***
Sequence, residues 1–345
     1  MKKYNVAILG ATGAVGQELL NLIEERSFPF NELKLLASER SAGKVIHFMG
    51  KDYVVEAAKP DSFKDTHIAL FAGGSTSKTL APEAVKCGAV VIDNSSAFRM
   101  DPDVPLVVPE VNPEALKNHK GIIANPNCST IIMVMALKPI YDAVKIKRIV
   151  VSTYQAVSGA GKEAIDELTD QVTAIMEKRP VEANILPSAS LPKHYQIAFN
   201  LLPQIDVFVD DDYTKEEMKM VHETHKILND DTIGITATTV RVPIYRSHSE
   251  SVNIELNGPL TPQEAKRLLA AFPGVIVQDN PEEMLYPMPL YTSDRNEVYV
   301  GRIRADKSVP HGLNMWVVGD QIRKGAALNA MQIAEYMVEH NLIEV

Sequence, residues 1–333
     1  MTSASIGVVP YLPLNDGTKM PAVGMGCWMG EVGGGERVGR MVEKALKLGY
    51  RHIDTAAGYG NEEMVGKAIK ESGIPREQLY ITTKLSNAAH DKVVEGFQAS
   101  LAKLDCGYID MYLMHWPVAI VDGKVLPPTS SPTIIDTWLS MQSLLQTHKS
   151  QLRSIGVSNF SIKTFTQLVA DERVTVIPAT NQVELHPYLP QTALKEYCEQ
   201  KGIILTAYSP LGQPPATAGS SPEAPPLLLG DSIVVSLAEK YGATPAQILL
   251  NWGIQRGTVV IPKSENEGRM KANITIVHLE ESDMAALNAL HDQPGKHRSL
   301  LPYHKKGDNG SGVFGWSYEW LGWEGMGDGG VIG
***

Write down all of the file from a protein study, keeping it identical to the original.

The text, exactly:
Sequence, residues 1–345
     1  MKKYNVAILG ATGAVGQELL NLIEERSFPF NELKLLASER SAGKVIHFMG
    51  KDYVVEAAKP DSFKDTHIAL FAGGSTSKTL APEAVKCGAV VIDNSSAFRM
   101  DPDVPLVVPE VNPEALKNHK GIIANPNCST IIMVMALKPI YDAVKIKRIV
   151  VSTYQAVSGA GKEAIDELTD QVTAIMEKRP VEANILPSAS LPKHYQIAFN
   201  LLPQIDVFVD DDYTKEEMKM VHETHKILND DTIGITATTV RVPIYRSHSE
   251  SVNIELNGPL TPQEAKRLLA AFPGVIVQDN PEEMLYPMPL YTSDRNEVYV
   301  GRIRADKSVP HGLNMWVVGD QIRKGAALNA MQIAEYMVEH NLIEV

Sequence, residues 1–333
     1  MTSASIGVVP YLPLNDGTKM PAVGMGCWMG EVGGGERVGR MVEKALKLGY
    51  RHIDTAAGYG NEEMVGKAIK ESGIPREQLY ITTKLSNAAH DKVVEGFQAS
   101  LAKLDCGYID MYLMHWPVAI VDGKVLPPTS SPTIIDTWLS MQSLLQTHKS
   151  QLRSIGVSNF SIKTFTQLVA DERVTVIPAT NQVELHPYLP QTALKEYCEQ
   201  KGIILTAYSP LGQPPATAGS SPEAPPLLLG DSIVVSLAEK YGATPAQILL
   251  NWGIQRGTVV IPKSENEGRM KANITIVHLE ESDMAALNAL HDQPGKHRSL
   301  LPYHKKGDNG SGVFGWSYEW LGWEGMGDGG VIG